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Bill Hunt was seven years old when the movie Halloween came out. The trailer was on high rotation all through October and, being a “creepy little monster-making kid”, he tried his best to sit through it, “but once that piano theme started, and Michael Myers came barreling down the steps, I would get up and run from the room.” These days Bill is made of sterner stuff and every October he dives into his annual “month-long-nothing-but-horror-binge”, watching at least one horror flick per day.
Halloween is Bill’s favourite holiday. “Aside from the obvious celebration of all things that go bump in the night, for me, it also means change.” For the first half of Bill’s life, in Nashville, Tennessee, Halloween came in autumn and “signalled the beginning of the holiday season, with time off from school for Thanksgiving and Christmas following soon after.” For the past twenty-plus years Bill’s lived in New Zealand so Halloween “heralds the end of the long, gruelling, holiday-free Wellington winter and the beginning of the long, warm summer.”
Whether he’s here or there, All Hallows Eve has always been “an opportunity to lean into my horror-loving self, while also being able to transform into any number of characters that I could imagine.”
Bill was one of the first foreign artists to join the Weta Workshop design team on The Lord of the Rings trilogy. He spent more than thirty years as a special effects makeup artist, sculptor, and props maker for the likes of King Kong and Avatar. Now happily retired from the blockbuster movie biz Bill is a sculptor and painter “typically with a leaning toward horror”.
Bill lives in Upper Hutt with his “wife/soulmate/muse” Sherryn, who shares his love of horror (they wore zombie makeup for their wedding photos), three sly black cats (Hydie, Ophelia, and Elvira), and two “enormous, happy Mastiff-cross moose-dogs” named Lilith and Frazetta.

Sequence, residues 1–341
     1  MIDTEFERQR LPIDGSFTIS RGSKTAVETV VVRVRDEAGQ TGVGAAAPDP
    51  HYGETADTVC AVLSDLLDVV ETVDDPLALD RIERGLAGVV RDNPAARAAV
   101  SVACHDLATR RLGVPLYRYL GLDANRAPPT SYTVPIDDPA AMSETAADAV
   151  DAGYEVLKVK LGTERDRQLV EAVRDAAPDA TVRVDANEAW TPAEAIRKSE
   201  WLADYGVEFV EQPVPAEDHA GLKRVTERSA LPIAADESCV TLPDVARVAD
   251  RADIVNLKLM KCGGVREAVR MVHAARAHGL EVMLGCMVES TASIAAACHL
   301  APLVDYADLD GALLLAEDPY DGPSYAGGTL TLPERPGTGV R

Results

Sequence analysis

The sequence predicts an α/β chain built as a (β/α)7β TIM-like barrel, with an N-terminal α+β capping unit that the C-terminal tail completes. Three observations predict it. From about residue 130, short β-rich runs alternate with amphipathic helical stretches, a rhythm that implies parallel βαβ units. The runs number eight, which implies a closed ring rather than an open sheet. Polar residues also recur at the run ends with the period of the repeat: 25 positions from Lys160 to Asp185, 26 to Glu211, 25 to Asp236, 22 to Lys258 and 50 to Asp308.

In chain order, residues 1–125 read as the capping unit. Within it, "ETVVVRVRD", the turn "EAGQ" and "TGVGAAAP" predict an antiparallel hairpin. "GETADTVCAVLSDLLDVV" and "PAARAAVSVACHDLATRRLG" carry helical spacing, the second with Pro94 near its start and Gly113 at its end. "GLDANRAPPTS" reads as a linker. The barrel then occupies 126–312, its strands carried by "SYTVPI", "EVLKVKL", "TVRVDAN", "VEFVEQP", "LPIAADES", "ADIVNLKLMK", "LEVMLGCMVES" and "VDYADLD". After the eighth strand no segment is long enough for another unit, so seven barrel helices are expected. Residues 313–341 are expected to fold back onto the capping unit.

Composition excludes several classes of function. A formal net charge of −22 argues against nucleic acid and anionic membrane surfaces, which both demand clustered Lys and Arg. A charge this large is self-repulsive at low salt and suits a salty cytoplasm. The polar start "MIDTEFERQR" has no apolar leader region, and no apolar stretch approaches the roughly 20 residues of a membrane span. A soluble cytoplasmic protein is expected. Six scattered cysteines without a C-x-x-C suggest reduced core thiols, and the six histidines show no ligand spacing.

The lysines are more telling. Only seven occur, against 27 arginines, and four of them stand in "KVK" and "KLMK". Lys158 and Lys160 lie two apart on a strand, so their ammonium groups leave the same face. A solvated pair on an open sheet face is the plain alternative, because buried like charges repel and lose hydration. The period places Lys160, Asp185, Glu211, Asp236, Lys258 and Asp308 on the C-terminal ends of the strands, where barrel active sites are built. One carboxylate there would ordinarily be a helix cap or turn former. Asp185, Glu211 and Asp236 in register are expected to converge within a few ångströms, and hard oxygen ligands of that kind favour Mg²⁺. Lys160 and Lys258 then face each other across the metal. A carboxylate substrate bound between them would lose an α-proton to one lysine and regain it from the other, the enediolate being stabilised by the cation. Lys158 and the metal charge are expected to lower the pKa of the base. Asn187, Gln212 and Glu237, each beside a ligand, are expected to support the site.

The property is hard to find and surrounded by bush. Bill’s home studio, which looks out over a valley of dense vegetation, is filled with sculpted and painted monsters in various stages of completion. I spot two axes and a pentagram on the floor, then realise I can’t see or hear any neighbours – the perfect setting for a horror film.
For the last few years Bill’s been doing his own version of Inktober (a celebration in which people draw something with pen and ink every day through the month of October) which he calls his 31 Horrors of Halloween. “Every day, I do a new oil paint portrait of a favourite or iconic horror movie character. Aside from being a lot of fun, it’s been immensely helpful in honing my painting skills in a short amount of time.”
As a professional monster-maker, Bill says, “When it comes to a Halloween costume, it has to be comfortable and easy to wear and remove.” You don’t want to have to “take off half the costume and have to carry around all night, and you don’t want a two-hour makeup removal process waiting for you at the end of your fun night either, so I found it’s more fun to keep things simple but effective. A face painted with water-based makeup can be simple yet striking, allowing me to actually enjoy the night.”